Check Out the New NICET Certification Program Coming Soon!

Professional engineers are often looking for ways to increase their professional knowledge within the industry. With technology becoming more and more integrated into the profession, there are ways to learn more and increase your status as an engineer. The National Institute for Certification in Engineering Technologies (NICET), a division of the National Society of Professional Engineers, promotes excellence in engineering technologies via certification services. Each of NICET’s nationally recognized certification programs are designed by industry experts and practitioners to ensure a qualified workforce. Certification levels lay out a career path for advancement from entry to senior-level responsibilities. 

This year, a new certification program is being offered under the Electrical and Mechanical Systems Engineering Technology category!

In-Building Emergency Responder Communication Enhancement Systems (IB-ERCES)

NICET in cooperation with the Safer Buildings Coalition is developing a new engineering technician certification program for IB-ERCES. Emergency Responder Radio Communication Systems (ERRCS) is set to go live in 2020. The new program comes as a response to the need for qualified individuals to design, install, test, inspect, and maintain in-building radio communication systems. Looking at the success of credentialing programs for fire sprinklers and fire alarms, a program for in-building communication systems just made sense. This credentialing will make a difference to building owners, code officials, and the industry that provides these systems. A credentialing program like this will ensure that the systems are safe, effective, and compliant to regulatory requirements.

In the program’s inception, a group of industry leaders and practitioners met to establish the general framework for the certification program. It is currently comprised of three levels for inspection, testing, and maintenance, and one level for design. Now the program creators are asking for the industry’s help to validate the knowledge and skills needed to be considered minimally competent for the program. If you have any experience with IB-ERCES, please participate in these surveys:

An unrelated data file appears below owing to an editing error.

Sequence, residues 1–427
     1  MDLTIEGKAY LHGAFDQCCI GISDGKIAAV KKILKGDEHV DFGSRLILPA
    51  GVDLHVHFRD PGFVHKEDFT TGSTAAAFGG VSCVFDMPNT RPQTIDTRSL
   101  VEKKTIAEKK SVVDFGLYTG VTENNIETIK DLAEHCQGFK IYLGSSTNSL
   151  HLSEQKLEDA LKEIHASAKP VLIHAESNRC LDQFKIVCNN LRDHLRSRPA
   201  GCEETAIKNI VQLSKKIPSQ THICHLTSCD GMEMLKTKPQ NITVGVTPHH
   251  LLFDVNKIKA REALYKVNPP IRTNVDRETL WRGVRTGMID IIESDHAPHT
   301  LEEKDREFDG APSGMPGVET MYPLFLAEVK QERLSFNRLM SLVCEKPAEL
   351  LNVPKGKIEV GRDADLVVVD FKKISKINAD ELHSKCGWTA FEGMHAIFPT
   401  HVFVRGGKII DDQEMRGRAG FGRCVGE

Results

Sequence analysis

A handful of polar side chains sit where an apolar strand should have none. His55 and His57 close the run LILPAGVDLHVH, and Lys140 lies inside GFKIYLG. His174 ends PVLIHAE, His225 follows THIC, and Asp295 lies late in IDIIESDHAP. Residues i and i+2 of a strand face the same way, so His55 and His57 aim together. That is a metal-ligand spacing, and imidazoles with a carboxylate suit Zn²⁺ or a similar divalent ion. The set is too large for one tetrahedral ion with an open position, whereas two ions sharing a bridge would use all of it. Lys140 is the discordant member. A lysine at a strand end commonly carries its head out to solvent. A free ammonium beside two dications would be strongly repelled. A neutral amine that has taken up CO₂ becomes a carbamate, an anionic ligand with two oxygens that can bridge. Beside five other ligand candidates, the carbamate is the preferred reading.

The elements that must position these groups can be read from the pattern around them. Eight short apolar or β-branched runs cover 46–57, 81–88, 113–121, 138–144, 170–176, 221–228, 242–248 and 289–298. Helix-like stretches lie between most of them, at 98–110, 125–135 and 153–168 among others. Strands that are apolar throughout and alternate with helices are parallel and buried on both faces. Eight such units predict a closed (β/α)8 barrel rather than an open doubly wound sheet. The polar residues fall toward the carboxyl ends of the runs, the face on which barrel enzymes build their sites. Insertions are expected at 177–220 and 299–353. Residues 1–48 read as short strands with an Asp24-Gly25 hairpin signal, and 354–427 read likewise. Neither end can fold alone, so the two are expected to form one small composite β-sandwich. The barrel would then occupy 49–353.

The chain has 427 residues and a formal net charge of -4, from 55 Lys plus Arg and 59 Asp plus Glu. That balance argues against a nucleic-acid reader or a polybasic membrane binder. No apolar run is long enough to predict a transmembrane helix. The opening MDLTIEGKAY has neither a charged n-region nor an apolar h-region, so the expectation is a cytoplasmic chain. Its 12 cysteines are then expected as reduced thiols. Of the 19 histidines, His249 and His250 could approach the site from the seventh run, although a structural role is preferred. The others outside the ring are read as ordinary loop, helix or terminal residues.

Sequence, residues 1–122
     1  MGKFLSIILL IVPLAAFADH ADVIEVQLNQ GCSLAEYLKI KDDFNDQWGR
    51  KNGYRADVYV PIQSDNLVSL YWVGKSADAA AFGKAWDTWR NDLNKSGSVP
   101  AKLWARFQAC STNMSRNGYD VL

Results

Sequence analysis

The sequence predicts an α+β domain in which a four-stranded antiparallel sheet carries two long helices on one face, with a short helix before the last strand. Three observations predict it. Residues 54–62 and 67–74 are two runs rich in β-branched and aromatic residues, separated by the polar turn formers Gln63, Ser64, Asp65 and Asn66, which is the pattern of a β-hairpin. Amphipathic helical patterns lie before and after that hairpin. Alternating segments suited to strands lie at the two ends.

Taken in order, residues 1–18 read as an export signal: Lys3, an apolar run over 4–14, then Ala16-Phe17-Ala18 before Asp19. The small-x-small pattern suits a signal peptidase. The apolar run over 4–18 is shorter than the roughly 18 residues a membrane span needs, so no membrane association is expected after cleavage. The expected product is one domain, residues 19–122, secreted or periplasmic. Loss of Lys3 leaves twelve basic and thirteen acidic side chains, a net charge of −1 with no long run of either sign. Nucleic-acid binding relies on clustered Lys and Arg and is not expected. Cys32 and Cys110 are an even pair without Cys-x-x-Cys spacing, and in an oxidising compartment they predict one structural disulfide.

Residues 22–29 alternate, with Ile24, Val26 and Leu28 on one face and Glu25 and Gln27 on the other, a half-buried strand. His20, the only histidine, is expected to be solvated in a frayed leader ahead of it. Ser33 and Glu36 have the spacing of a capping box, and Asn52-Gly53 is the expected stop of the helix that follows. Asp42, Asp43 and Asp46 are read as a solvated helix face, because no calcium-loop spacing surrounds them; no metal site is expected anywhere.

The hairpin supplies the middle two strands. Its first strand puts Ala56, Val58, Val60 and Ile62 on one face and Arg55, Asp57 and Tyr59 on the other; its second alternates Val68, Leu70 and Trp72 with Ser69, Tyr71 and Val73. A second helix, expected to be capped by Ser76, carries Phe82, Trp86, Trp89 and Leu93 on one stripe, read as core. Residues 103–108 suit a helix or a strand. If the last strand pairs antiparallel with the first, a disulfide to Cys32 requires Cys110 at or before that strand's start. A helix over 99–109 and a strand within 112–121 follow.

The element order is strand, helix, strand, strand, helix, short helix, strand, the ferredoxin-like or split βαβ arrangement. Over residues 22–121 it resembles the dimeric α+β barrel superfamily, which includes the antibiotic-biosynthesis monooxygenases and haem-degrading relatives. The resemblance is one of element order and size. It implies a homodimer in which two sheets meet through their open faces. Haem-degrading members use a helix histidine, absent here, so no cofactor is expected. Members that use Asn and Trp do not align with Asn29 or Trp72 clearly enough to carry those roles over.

Learn more about the program in NICET’s press release.

New Jersey Engineering Jobs Available Now

During these coronavirus times, you may think it’s next to impossible to find a new job. On the contrary, there are companies all across the country that are still searching for new employees! With resources like the NJSPE job board and professional connections with other members of NJSPE, getting a New Jersey engineering job might be easier than you think. Check out these new opportunities:

Independent Forensic Civil/Structural Engineer

National Forensic Consultants
Newton, NJ

Seeking Civil/Structural Engineers to provide investigation, analysis, reports, and testimony where technical and scientific answers are needed to help resolve both civil litigation and non-litigation matters.

Requirements Overview:

  • Must be a licensed PE in the state they reside in. Other state licenses are a plus.
  • Bachelor’s degree in Engineering from an accredited university
  • Minimum 6+ years of work related Civil/Structural Engineering experience required

Learn more and apply now >> 

Entry-Level and Mid-Level Structural Engineers

ACTIVE DESIGN GROUP (ADG)
Newark, NJ

An established Structural Engineering and Design firm located in the NYC Metropolitan area (Newark, NJ) is presently looking for entry-level and mid-level Structural Engineers. Job duties include performing structural analysis and design/details of building structures and acting as a Project Engineer on various projects. 

Requirements Overview:

  • Masters degree in Civil Engineering with Structural Emphasis.
  • Strong computer skills; excellent oral and written communication skills.